Moore’s Law Is Dead leaks AD106 and AD107 die shots complete with size and starting price estimates. The new chips appear to be significantly smaller than their previous gen counterparts, but this is to be expected from GPUs produced on TSMC’s N4 nodes. Price points seem a bit too high, however.
Some of this year’s top-of-the-line gaming laptops powered by Nvidia’s RTX 4090 mobile GPUs are already up for pre-order and prices seem at least US$600-700 higher compared to last gen models with an RTX 3080 Ti. Only a few more days before the review embargo lifts and we get to see if the price increase is justified. Meanwhile, Moore’s Law Is Dead just leaked die shots for the RTX 4070 and RTX 4050/4060mobile chips, suggesting that price increases over the previous gen are to be expected of these two SKUs, as well.
For each of the dies, MLID gives an estimated size and a price range. The AD106 SKU that corresponds to the RTX 4070 model is supposed to measure between 180 and 190 mm², which, according to Videocardz, is a 45% reduction in size over the previous gen GA106. Similarly, the AD107 SKU used for the RTX 4050/4060 models would measure 150-160 mm2, making it ~25% smaller than the GA107. Considering that the production has jumped from Samsung’s 8 nm nodes to TSMC’s N4 nodes, the smaller sizes could actually allow for more transistors over the previous gen, but the new price ranges might not be too appealing.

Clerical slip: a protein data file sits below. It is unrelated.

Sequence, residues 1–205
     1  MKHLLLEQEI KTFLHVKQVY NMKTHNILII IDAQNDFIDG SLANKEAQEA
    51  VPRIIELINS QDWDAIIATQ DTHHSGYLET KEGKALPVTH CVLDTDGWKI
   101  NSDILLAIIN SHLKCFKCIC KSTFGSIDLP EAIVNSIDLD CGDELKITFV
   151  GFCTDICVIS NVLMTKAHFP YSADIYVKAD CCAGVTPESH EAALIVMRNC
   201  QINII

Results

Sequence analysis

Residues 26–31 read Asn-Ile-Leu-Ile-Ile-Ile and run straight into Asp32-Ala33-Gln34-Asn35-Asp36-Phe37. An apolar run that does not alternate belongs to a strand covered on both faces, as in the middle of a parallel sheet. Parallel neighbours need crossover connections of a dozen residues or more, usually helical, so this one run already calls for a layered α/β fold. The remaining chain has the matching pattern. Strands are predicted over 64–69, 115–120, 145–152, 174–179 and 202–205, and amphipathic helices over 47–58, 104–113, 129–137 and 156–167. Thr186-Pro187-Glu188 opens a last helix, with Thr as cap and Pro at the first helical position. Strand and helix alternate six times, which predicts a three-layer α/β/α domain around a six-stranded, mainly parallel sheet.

MLID warns that the ADA SKUs “are about to be sold like they are high end GPUs.” Apparently, an RTX 4050 laptop would have a starting price of US$999, while the RTX 4070 laptops would start at US$1,500. Looking at the Amazon prices for previous gen laptops, prices seem higher by a few hundred US$, so it is not immediately clear what MLID means by “high end.” The performance bump might still be worth it, but, again, we need to wait one more week to see full reviews for the new mid-range and entry-level mobile GPUs.
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Bogdan Solca – Senior Tech Writer – 1933 articles published on Notebookcheck since 2017
I first stepped into the wondrous IT&C world when I was around seven years old. I was instantly fascinated by computerized graphics, whether they were from games or 3D applications like 3D Max. I’m also an avid reader of science fiction, an astrophysics aficionado, and a crypto geek. I started writing PC-related articles for Softpedia and a few blogs back in 2006. I joined the Notebookcheck team in the summer of 2017 and am currently a senior tech writer mostly covering processor, GPU, and laptop news.
Bogdan Solca, 2023-02- 3 (Update: 2023-02- 3)